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Commercial Rendrering

Many people may want to have the walls of their homes rendered to hide surface blemishes or simply to provide home owners with a different look for their home. Rendering is not limited to the domestic sphere and commercial rendering has been around for a long time. More businesses now prefer to have some sort of finish on their exterior walls, although in the past most commercial rendering was little more than roughcasting. Besides a render being applied to business premises, commercial rendering may also refer to the process of having the render applied by a professional.


Very often roughcasting has been used as finish in the actual construction of a building rather than something that is added on later. While roughcasting is sometimes used in domestic rendering, historically it has been commercial rendering and rendering that is used in the construction of outbuildings. Where commercial rendering involves roughcasting it means that gravel and small pebbles have been added to the concrete or plaster mix that is designed to finish off the exterior walls of a building. Roughcasting takes some time to dry out, but when that happens the wall is left with a rough, textured finish that lasts for years and requires little or no maintenance. Roughcasting is not the same as pebble dashing a wall because pebbles are put into the original mix rather than thrown at a newly cemented wall.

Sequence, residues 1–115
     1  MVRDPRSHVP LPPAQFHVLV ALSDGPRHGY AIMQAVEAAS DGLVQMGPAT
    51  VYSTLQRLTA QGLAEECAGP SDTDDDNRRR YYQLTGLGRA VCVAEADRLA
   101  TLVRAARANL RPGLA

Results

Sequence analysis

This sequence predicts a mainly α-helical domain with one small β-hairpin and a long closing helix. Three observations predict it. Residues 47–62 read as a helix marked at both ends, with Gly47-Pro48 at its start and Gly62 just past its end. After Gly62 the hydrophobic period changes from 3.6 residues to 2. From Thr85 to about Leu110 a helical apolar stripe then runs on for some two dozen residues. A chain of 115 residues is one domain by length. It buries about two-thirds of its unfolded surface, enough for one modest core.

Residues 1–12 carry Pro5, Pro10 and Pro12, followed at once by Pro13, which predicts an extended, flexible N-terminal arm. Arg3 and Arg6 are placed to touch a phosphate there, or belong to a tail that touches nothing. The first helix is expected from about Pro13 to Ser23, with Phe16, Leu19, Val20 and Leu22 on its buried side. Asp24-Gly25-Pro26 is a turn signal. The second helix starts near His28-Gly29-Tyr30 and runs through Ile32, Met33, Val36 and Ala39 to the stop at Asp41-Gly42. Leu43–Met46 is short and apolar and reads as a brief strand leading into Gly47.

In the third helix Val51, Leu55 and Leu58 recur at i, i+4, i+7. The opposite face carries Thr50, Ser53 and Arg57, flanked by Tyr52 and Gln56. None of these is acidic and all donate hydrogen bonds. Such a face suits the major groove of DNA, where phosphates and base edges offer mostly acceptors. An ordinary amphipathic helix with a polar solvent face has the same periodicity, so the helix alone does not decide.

How Roughcasting Began

Roughcasting actually started out as a finish for commercial buildings and in some countries seashells are added to the mix instead of small pebbles. Tinting and colour can also be added to a roughcasting mix and this is sometimes done with domestic properties or with outbuildings. Sometimes a board is used to press the roughcasting flat and to achieve a commercial rendering with an even finish. The pressing out of roughcasting is very similar to the way someone might float out a concrete wall. One of the problems with roughcasting as commercial rendering is that over time it can become damaged and is extremely difficult to repair, in most cases when damage occurs it is best to remove the existing cover and apply a new commercial rendering.

Professional Rendering

While commercial rendering may apply to a certain type of render that is used for commercial premises and outbuildings, commercial rendering can also refer to renders that are undertaken by professionals. Rendering can be a long and difficult job, from preparing the surfaces to accept the render, to applying it, waiting for it to dry and then texturing and painting it. It is recommended that if you want your exterior walls rendered, you save up the money and opt for commercial rendering. A good commercial renderer will undertake the preparation work, which involves hosing down the walls and treating any mould with a fungicide, before applying the cement, stone or acrylic render. Once a commercial rendering has been completed it can take up to four weeks to dry out, although acrylic commercial rendering is usually dry within a matter of days.

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